The Killers / The Psychedelic Furs / James / William Prince @ Ottawa Bluesfest

Arts Coverage, Bluesfest 2019

Las Vegas indie rockers The Killers headlined Bluesfest Sunday night, delivering a flashy spectacle worthy of their hometown.

With charismatic frontman Brandon Flowers at centre stage, the group opened with two tracks off their 2004 debut Hot Fuss: “Jenny Was a Friend of Mine” and hard-edged new wave hit “Somebody Told Me.” Killers songs straddle genres while maintaining their standard slick sound, fusing the sometimes contradictory pleasures of power pop and arena rock with a splash of Broadway theatricality.

The visual accompaniment was delightfully devoid of subtlety. Giddy 2008 single “Spaceman,” for instance, employed trippy imagery that wouldn’t have been out of place at a prog show. With mismatched flashing lights and skyward-pointing laser beams (not to mention confetti and fireworks), the show felt like being inside of a casino.

They slowed things down a bit with 2012 power ballad “The Way It Was” and “Shot at the Night,” an anthem that could have been ripped right out of the eighties.


Flowers ironically donned a cowboy hat for braggadocios disco track “The Man,” which saw neon reliefs of cowboys and cowgirls flashing on the screens. 

The band shifted gears again with “Run for Cover,” a propulsive track that was one of the more straight rock songs of the night. Next up was “Smile Like You Mean It” and anguished synth-pop banger “For Reasons Unknown,” one of the highlights of the set.

The Killers

Americana story-song “Dustbowl Fairytale” was followed by an abridged acoustic cover of “Lovers in a Dangerous Time” (originated by Ottawa’s own Bruce Cockburn), before arena rock love song “Runaways.”

The next song, “Read My Mind,” almost felt like a showstopper; however, the lingering silhouette of Flowers against the spotlights dispelled any doubts that there would be an encore. They returned in fine form for crowd favourites “All These Things That I’ve Done” and “When You Were Young.”

Lebreton Flats felt like a karaoke bar as thousands of people sang along to the bare-bones sung/spoken intro of “Mr. Brightside;” the field felt like it was about to explode when the song finally kicked into gear.

It was, pardon the pun, a killer show.


Earlier in the evening, the City Stage showcased two other influential alternative acts.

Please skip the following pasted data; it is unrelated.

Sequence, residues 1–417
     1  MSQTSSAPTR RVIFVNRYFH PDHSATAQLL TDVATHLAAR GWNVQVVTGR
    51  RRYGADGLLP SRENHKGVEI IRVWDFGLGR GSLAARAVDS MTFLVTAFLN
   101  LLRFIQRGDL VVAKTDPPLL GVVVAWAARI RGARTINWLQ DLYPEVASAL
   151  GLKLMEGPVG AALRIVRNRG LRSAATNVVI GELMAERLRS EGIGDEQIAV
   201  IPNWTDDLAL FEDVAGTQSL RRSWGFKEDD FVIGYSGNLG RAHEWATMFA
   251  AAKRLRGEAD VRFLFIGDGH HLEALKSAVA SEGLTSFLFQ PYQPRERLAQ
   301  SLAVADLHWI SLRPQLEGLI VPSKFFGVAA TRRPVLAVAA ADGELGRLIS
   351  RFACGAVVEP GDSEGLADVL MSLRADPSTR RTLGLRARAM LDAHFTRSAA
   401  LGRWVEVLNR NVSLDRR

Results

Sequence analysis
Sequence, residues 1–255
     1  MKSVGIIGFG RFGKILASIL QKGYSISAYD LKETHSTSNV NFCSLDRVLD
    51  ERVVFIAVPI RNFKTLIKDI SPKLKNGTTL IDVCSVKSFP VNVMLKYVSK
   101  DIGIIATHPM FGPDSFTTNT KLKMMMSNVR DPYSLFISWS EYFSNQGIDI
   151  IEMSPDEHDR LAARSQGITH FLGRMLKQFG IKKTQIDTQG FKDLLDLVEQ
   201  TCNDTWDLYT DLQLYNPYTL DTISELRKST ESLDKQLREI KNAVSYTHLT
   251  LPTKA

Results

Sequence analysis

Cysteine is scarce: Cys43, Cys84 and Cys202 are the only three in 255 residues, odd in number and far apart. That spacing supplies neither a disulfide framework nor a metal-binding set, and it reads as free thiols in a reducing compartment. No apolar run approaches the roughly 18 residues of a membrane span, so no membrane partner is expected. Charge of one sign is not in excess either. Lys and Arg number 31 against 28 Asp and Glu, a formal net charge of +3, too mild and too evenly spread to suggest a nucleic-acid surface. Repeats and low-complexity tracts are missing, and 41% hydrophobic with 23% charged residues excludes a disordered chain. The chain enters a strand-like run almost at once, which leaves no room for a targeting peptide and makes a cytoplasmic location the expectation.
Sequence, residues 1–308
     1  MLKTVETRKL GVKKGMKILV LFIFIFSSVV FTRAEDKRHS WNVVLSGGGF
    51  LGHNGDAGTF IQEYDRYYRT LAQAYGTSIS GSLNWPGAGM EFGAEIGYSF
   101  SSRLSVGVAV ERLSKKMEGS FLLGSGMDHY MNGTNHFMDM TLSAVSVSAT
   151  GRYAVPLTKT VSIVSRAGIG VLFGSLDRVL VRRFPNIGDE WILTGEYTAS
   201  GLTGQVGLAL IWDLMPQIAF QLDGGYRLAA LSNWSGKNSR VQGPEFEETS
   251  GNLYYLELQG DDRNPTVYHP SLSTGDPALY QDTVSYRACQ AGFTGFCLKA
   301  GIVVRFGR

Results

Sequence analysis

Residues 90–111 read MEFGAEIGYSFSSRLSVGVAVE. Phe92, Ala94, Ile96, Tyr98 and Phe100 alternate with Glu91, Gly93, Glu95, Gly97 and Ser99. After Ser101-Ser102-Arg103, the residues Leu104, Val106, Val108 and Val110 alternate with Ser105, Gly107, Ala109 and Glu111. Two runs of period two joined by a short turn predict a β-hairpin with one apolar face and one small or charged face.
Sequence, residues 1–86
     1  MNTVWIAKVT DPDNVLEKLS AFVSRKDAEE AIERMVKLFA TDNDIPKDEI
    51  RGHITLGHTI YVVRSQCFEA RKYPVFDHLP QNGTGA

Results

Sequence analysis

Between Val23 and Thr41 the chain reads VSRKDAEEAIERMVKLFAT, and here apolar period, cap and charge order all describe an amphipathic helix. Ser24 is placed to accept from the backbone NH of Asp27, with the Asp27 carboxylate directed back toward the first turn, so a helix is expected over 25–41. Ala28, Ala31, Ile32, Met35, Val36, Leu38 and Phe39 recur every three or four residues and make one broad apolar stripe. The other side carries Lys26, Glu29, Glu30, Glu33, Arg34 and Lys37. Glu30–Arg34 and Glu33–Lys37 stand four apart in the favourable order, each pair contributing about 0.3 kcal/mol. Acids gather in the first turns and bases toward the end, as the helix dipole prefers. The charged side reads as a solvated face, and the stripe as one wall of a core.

Manchester indie rock band James showed off their diverse catalog, which ranged from raunchy breakout hit “Laid” (prominently featured in the American Pie movies, and buried in the middle of their Sunday setlist) to intense protest songs like “Heads.” Lead vocalist Tim Booth paused to condemn “fascists and racists” after the latter track, before switching gears for “non-political”  (but still apocalyptic) love song “Leviathan.”

Next on the main stage were eighties new wave icons The Psychedelic Furs. The group displayed a quintessential British post-punk sound, with punky vocals and artsy arrangements in the service of effervescent pop-adjacent songs like “Pretty in Pink” and “Heartbreak Beat.”

Lead singer Richard Butler’s compelling and at times confrontational stage presence added some welcome bite, particularly on political songs like the scathing “President Gas.”

William Prince

Acclaimed folk singer William Prince started the evening at the Bluesville Stage.

Armed with an acoustic guitar and his deep baritone voice, Prince played a mix of unreleased songs (he’s in the process of creating his second album) and tracks from his debut record Earthly Days. 

The JUNO winner endeared himself to the crowd with his tender, earnest songs, as well as his humble stage presence and self-deprecating sense of humour. He occasionally poked fun at his propensity for slow, sad songs; towards the end of the show, he joked that “Eddy Boy” (a touching portrait of his late father, gospel singer Ed Prince) could be his “Free Bird.”

Prince concluded the set with his breakout hit “Breathless,” a moving tribute to the classic songs he grew up listening to his parents perform. “Never heard a song sound quite like Elvis,” he sang wistfully, capturing the magic of those long-ago moments.

After a brief absence (during which the house music came back on), he returned to the stage for an apparently unplanned encore. After reminiscing about his father on “Eddy Boy,” he closed with the cautiously optimistic “All I Know,” leading the crowd on a subdued sing-along after a melancholy chorus of “All I know, is all of this will all pay off…We pay the dues while they watch the clock.”

Line-up: William Prince (Bluesville Stage) / James / The Psychedelic Furs / The Killers (City Stage)

Venue: RBC Bluesfest, Lebreton Flats, Ottawa

Date: Sunday, July 7/2019




MIDSOMMAR is a folk horror fever dream [review]

Commentary, Film and Television